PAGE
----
When I first set off on the road many years ago, I did so to countries whose toilets were mere holes in the ground. I’ve come a long way – this time to Japan, a country whose toilets are virtual thrones of electronic feature-laden splendor, including some which make music, many which feature remote controls, and most whose seats are heated.
But I digress. (Why I am here on the topic of Japan, talking about toilets? After all, toilet talk is rather un-Japanese.)
Travelers and tourists are often taught to look to historical sites for cultural insight, but Japan evinces plenty of culture in the seemingly everyday. It’s clear that the country has a long and deep history — complex, with nooks and crannies, cultural twists and turns, and sweeping evolutions. However, while I’m tempted to share my first impressions of Japan’s Buddhist and Shinto shrines, I’ll instead first share the cultural bits in the current, the white spaces of travel. Continue Reading »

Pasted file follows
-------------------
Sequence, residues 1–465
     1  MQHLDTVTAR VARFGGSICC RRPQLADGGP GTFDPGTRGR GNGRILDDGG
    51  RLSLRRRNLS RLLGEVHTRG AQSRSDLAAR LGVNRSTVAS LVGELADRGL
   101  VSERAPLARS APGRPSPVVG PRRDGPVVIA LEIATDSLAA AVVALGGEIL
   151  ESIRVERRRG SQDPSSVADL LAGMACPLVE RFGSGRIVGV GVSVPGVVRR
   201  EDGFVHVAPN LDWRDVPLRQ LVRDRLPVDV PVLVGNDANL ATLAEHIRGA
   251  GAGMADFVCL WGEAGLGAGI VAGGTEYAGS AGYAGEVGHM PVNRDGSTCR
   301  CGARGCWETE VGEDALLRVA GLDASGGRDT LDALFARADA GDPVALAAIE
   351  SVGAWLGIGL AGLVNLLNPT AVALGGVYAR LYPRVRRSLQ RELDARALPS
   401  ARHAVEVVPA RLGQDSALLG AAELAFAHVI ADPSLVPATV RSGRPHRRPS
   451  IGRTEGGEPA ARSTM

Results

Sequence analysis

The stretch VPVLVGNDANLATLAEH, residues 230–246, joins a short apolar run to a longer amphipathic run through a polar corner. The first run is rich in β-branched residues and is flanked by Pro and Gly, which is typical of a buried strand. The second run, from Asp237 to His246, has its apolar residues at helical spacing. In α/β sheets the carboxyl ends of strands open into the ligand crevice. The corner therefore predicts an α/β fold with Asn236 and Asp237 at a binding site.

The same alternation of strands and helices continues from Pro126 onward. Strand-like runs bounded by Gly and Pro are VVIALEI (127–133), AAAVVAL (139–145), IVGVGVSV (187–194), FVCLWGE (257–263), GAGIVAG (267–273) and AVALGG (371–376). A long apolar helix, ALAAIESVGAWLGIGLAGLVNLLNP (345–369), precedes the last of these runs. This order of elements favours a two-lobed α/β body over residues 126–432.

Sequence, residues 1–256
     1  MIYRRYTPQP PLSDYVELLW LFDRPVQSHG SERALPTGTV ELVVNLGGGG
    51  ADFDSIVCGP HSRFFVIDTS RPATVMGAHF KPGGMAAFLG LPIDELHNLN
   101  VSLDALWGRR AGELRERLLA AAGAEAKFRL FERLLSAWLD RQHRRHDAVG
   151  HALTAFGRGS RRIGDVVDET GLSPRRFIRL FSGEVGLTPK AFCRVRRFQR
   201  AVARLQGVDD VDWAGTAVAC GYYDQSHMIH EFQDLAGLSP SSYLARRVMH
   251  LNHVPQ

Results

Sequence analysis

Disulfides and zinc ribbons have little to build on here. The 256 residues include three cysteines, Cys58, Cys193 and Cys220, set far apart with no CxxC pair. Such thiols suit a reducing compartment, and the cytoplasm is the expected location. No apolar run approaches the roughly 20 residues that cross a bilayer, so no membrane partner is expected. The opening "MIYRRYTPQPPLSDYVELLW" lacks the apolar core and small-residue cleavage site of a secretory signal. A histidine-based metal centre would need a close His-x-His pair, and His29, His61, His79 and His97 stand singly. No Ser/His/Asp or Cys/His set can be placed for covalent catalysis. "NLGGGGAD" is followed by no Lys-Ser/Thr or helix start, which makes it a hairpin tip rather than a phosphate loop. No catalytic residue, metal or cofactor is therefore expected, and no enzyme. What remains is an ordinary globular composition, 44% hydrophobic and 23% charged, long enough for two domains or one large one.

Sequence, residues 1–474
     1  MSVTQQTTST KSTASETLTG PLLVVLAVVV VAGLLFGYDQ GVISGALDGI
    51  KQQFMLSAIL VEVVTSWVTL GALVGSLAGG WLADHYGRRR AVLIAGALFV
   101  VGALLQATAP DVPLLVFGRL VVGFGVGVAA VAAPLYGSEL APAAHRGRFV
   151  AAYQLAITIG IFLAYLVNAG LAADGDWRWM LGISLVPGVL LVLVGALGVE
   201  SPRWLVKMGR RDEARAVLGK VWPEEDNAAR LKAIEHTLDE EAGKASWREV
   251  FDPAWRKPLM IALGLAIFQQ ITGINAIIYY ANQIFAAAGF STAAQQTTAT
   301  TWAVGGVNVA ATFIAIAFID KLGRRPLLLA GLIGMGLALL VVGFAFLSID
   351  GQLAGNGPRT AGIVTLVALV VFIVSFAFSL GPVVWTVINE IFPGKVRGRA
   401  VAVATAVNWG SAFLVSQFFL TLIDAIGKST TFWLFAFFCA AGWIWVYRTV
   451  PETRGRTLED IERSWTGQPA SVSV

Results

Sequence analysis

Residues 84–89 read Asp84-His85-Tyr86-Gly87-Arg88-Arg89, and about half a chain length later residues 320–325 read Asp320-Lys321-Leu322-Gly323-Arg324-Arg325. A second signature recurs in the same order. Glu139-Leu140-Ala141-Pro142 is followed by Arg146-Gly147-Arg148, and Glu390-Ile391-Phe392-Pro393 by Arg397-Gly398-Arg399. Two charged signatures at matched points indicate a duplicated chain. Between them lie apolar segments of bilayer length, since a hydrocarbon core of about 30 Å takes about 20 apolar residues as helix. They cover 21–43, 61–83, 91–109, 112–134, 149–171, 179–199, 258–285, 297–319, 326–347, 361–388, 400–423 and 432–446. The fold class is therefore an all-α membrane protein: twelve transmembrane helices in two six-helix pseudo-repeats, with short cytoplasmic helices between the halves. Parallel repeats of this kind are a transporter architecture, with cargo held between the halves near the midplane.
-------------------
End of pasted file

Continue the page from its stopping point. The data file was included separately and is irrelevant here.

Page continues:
When you enter Heniyokutu Cave at Daisho-in Buddhist temple, pause for a moment. As your eyes adjust to the darkness, details begin to appear — prayer offerings and written wishes tied to the base of Buddhist statues, Japanese characters tracing the bottom of the lights, faint smiles on many of the icons. In the dim light, there’s a feeling of peacefulness amidst it all.
Open up the 360-degree panorama below to see for yourself. Continue Reading »
For this Mother’s Day, we are in Hiroshima, Japan, the site of the dropping of the first atomic bomb. Although the city was once a site of death and destruction beyond what we could ever imagine, the message here now is one of peace.
A reflection at the Children’s Peace Monument in Hiroshima, Japan
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When most people think about the Red Sea resort town of Hurghada, Egypt they likely imagine relaxing on the beach, scuba diving, adventuring in the desert, golfing, and lounging at a big resort. Hurghada does have all of that.
Rarely, however, does one think about fresh markets and a taste of local Egyptian culture. It’s there in Hurghada, if only you look hard enough. Continue Reading »
I have never been to Japan.
Audrey has, but she enjoys the distinction of having eaten a hamburger there. In fact, she requested it. Insisted even. Forgive her though, she was only seven, it was her birthday and she was tired of noodles. But she did wear a blue kimono to make up for it.
No, this is not Audrey.
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